investigators’ attitudes and expectations for study outcomes. In a study of the anthrax vaccine by Brachman and colleagues (1962), workers in four goat hair processing mills were randomized to receive the vaccine or a placebo and then followed to assess the vaccine’s safety and efficacy (see Chapter 7).

The value of randomized controlled trials has been so convincingly demonstrated that they are required for ensuring the safety and efficacy of all new medications introduced into the market in the United States (FDA, 1998). Estimates are that 300,000 randomized controlled trials have been carried out over the past 50 years (Randal, 1999). The main drawbacks of randomized controlled trials are their expense, the time needed for completion, and the common practice of systematically excluding many groups of patients so that the results apply to only a small fraction of potentially eligible patients.

Experimental studies are most often performed for therapeutic agents, where the only expected result is a good outcome or no effect for the subject; rarely are adverse health effects expected. Ethical considerations limit experimental studies of toxic compounds and adverse health outcomes, and guidelines for informed consent and protection of human subjects are strictly implemented (NIH, 1991).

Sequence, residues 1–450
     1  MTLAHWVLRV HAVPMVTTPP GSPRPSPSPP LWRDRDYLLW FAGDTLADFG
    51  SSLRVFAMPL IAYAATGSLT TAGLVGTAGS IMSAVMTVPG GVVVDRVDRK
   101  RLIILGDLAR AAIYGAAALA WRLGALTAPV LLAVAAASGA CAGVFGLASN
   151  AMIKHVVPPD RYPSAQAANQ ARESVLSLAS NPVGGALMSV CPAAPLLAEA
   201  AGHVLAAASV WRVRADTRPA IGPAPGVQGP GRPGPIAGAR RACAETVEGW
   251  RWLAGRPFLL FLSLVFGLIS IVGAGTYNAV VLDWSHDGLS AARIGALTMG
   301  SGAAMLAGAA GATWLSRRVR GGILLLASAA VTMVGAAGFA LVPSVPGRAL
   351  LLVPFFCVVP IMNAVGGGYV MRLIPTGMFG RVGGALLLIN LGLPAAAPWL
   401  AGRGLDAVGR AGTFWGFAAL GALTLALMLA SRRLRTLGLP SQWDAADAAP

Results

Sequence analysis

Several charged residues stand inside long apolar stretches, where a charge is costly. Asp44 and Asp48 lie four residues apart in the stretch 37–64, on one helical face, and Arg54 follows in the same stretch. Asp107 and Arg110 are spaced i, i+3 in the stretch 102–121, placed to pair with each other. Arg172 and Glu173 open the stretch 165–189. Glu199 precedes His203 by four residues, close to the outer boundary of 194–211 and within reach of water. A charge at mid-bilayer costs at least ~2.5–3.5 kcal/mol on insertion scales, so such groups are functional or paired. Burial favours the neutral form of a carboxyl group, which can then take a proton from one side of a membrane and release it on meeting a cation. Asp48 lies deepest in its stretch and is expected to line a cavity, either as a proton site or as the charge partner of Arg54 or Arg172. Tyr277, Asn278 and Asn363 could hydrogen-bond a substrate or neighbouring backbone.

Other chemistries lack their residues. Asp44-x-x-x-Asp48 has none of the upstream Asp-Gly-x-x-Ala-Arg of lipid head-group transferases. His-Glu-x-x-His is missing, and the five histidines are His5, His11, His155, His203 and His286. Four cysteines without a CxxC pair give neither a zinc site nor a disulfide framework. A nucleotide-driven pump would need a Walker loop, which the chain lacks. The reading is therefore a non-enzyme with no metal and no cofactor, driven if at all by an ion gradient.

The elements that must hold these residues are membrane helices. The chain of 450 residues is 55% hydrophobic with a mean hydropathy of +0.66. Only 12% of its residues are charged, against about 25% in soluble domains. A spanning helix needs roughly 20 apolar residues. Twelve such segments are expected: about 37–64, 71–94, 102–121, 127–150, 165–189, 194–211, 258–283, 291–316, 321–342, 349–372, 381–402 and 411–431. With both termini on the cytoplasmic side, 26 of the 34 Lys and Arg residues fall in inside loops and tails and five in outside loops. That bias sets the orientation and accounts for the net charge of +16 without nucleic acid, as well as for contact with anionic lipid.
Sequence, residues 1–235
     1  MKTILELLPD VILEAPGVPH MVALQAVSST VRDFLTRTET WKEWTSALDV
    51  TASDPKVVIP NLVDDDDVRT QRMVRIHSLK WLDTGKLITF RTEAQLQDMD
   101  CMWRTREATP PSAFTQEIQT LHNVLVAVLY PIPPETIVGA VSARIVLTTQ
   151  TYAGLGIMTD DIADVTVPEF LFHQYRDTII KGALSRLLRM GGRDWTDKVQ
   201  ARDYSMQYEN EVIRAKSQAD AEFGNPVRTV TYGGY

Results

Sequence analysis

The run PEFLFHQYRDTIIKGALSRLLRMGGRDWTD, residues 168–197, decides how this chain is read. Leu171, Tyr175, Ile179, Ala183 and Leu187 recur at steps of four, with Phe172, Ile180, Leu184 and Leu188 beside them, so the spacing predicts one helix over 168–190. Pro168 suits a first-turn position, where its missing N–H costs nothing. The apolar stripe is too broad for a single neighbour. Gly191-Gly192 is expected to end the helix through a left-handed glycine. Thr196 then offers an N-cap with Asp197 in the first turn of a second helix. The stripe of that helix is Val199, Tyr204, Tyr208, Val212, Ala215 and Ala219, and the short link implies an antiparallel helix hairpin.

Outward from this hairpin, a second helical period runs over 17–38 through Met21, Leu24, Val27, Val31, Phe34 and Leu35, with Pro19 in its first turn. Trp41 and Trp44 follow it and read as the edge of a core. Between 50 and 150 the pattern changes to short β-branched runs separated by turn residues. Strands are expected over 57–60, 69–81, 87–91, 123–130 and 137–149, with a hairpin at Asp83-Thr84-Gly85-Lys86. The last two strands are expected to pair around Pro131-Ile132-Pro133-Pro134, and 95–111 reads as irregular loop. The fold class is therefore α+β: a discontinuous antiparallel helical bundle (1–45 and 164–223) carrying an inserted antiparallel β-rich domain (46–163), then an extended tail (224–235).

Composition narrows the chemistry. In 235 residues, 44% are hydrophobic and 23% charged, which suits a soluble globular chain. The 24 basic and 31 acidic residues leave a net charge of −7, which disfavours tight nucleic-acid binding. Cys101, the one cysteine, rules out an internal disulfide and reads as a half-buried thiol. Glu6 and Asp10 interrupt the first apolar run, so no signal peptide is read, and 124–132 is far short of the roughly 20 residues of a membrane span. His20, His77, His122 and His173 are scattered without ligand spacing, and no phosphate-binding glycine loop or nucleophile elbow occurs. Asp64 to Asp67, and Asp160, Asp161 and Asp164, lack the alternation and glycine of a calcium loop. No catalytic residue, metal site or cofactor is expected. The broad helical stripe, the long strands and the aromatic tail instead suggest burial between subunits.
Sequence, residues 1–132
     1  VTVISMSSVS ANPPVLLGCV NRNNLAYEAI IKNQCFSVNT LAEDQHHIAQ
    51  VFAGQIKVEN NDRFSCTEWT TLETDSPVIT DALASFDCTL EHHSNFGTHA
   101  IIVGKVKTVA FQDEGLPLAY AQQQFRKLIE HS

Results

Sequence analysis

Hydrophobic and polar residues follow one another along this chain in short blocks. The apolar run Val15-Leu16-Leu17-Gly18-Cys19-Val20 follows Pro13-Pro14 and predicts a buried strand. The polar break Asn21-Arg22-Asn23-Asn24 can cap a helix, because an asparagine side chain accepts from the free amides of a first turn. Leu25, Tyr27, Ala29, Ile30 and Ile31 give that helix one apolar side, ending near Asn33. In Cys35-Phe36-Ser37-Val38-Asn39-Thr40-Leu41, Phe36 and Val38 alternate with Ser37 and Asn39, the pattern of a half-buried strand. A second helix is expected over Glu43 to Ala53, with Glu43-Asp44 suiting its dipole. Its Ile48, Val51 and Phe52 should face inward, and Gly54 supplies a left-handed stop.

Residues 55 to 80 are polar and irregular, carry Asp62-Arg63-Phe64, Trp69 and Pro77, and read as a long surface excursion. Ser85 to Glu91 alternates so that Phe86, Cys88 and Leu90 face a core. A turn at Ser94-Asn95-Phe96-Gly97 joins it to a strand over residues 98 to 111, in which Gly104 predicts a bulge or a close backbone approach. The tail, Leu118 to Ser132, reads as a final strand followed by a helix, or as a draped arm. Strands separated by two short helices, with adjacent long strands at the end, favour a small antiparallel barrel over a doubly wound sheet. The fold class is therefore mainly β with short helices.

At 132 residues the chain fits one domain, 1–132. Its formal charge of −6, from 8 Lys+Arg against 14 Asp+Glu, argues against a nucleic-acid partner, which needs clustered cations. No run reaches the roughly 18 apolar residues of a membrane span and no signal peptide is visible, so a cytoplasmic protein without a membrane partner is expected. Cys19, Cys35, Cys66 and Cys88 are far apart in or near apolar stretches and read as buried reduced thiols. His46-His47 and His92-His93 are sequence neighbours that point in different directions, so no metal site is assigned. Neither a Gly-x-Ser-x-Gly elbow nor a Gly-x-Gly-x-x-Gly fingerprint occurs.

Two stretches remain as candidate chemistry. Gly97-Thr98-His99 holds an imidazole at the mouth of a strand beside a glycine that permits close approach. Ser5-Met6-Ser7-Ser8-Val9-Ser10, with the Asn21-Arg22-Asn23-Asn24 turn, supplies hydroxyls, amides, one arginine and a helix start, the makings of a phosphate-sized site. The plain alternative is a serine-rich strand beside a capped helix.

Case Reports and Case Series

A case report is generally a detailed description of a patient’s illness reported by a clinician who may suspect that the illness is the result of exposure to a specific biological or chemical agent. A case series refers to a group of patients with the same or similar disease who experienced identical or similar exposures to a specific agent. Neither case reports nor case series are formal epidemiologic studies, but both are means for generating hypotheses about exposure and disease relationships. For Gulf War veterans, registry programs established by the VA and the Department of Defense (DoD) represent a type of voluntary case series. Any veteran may come forward to receive a clinical examination and a referral for treatment (see Chapter 2). Through documentation of veterans’ symptoms and diagnoses, these registries have been valuable in generating hypotheses, yet they are not designed for hypothesis testing or for establishing the prevalence of disease or specific exposures among Gulf War veterans.

The value of case reports and case series is that they can document possible associations between an environmental exposure and a particular health outcome. In some situations, they may be useful in suggesting causal relationships if the disease is rare and has a close temporal relationship to the exposure (Kramer and Lane, 1992). However, case reports and case series do not have control groups. Because case series are not population based, many cases caused by an exposure go unreported, and the prevalence of cases may be lower than in the population at large. Further, the cases may not have been caused by exposure to the specific agent (false-positive results).

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